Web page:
WATERHOLE DROWNING : REVEREND JOHN GREGOR (1848)
WATERHOLE DROWNING: REVEREND JOHN GREGOR (1848)
Early newspapers in Brisbane frequently carried reports of tragic deaths by drowning in the surrounding waterholes. Many sank to the depths by accident, unable to swim. Others stumbled in to the water drunk or committed suicide.
A sad story was posted in a local Newspaper in 1848. Reverend John Gregor was found dead in a Nundah waterhole. John Gregor, ordained as a minister of the Church in Scotland made his way out to New South Wales in 1837. Licensed as minister of the district of Moreton Bay, he arrived in Brisbane on 17 January 1843 with Captain John Wickham, the first resident police magistrate. Gregor was responsible for the whole inhabited area around Moreton Bay, a huge area for one man to manage.
He worked out of a crude church attached to a lumber yard. Under constant financial strain, supervising so many people and day schools his work started to wear him down. His first report, ‘Two Journals of Missionary Tours in the Districts of Maneroo and Moreton Bay, New South Wales in 1843’ (S.P.G., The Church in Australia, London, 1846), was enthusiastic, but the next indicated his growing discontentment. From 1845 he lived at the German station at Nundah, and this further distanced him from the flock.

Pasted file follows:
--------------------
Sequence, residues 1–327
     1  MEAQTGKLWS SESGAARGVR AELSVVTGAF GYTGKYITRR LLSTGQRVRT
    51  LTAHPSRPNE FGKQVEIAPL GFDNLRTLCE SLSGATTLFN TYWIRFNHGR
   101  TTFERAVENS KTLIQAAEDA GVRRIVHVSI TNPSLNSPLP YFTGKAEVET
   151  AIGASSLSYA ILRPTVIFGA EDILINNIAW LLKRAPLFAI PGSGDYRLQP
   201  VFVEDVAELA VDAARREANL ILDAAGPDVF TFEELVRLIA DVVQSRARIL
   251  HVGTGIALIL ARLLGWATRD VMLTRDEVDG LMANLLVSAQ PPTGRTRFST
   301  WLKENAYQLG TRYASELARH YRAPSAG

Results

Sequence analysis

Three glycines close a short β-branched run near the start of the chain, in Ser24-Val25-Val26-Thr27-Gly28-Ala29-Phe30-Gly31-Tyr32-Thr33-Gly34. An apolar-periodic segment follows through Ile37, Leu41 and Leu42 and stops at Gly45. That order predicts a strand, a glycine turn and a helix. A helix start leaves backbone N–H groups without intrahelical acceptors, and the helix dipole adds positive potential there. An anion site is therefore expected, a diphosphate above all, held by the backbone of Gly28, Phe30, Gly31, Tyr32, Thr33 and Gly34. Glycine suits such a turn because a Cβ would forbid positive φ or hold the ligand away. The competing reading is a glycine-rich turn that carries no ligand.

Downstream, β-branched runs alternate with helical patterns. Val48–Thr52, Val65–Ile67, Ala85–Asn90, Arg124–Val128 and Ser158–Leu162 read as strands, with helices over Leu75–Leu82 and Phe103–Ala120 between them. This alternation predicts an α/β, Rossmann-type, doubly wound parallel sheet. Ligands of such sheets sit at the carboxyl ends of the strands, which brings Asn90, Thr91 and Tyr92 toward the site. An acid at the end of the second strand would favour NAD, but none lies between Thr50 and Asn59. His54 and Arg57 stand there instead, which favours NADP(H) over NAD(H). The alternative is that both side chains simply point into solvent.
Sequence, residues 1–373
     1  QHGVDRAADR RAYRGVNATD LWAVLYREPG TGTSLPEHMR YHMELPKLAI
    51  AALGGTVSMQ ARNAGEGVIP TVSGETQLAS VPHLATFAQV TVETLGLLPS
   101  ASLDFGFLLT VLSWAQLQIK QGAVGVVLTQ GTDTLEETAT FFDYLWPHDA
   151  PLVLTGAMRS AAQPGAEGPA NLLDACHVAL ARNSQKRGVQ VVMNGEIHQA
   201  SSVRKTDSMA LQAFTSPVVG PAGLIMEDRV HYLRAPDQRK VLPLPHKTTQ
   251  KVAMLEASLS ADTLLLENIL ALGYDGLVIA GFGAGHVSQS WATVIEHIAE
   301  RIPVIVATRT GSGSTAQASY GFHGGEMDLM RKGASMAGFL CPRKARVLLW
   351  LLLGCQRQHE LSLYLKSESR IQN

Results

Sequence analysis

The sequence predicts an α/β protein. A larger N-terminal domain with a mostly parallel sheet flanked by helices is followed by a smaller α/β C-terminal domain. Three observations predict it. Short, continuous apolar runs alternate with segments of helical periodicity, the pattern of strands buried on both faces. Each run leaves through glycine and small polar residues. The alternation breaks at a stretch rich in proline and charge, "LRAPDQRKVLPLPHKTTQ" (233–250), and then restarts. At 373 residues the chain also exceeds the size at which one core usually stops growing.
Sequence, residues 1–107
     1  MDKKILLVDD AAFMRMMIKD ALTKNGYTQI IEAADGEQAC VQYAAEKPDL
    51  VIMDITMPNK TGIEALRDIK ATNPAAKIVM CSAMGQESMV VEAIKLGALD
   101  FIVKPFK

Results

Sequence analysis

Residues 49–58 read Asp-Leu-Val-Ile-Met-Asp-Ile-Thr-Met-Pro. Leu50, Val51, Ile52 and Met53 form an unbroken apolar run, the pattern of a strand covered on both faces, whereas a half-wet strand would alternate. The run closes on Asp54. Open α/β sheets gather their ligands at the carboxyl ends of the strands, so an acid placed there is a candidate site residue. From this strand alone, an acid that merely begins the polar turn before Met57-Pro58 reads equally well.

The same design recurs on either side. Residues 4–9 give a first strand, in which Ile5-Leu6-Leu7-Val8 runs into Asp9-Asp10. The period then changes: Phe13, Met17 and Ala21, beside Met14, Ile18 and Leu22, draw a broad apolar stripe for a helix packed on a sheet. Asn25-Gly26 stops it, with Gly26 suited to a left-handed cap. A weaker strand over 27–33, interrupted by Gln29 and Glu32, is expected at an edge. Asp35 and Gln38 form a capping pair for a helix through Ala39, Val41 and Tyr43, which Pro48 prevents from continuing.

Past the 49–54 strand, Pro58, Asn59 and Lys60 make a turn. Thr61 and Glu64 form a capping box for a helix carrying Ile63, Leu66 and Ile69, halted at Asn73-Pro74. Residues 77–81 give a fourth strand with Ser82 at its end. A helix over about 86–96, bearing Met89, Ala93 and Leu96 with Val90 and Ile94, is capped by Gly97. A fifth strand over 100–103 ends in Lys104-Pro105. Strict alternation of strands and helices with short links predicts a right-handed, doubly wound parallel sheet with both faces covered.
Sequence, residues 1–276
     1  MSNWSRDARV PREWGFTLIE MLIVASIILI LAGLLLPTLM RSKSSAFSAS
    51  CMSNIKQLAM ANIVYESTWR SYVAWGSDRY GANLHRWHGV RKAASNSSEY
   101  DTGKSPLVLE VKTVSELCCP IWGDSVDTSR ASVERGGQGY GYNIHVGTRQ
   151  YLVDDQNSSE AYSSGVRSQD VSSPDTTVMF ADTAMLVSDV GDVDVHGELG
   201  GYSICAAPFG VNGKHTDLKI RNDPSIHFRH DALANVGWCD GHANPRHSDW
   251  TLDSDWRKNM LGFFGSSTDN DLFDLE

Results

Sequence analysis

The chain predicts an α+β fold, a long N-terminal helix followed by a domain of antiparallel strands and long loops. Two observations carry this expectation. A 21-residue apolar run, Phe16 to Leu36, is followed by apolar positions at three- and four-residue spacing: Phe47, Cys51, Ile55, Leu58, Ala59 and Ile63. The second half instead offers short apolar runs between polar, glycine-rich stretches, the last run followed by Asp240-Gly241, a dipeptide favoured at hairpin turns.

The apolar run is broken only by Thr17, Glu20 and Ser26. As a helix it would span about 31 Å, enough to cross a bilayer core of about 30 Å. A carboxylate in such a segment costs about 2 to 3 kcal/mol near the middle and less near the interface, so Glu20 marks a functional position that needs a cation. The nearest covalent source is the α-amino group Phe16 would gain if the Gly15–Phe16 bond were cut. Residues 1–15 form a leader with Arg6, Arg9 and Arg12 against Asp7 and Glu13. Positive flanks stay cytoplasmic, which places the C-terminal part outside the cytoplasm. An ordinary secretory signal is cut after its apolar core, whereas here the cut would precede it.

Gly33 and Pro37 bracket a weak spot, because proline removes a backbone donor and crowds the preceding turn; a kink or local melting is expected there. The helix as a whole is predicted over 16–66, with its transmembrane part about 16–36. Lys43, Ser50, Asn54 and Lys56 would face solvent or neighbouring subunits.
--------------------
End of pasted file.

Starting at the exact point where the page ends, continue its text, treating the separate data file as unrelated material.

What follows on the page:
Theodore Franz, a witness said that Reverend Gregor had been complaining of a headache and the heat, watching him walk down to the waterhole he assumed it was just to bathe and cool off.
“About ten minutes afterwards, I heard Nicquet calling to me and asking if Mr. Gregor could swim. I answered “No” and hurried to the place where he was. I did not see Mr. Gregor there. I undressed myself and sprang into the water and swam to the place where I thought Mr. Gregor might have sank— Mr. Nicquet also came into the water. He felt the body of Mr. Gregor with his feet, but could not succeed in raising him; but after another attempt he did succeed. I assisted to draw the body to the land—there was no appearance of life, although the body was warm. We did all we could to restore life, but without success.”
Do you think it was just an accident? Find out on Australia’s longest running true crime show “True Crimes” – presented by Jack Sim on 4BC Nights with Walter Williams. Thursday evenings 9.35pm on Radio 4BC.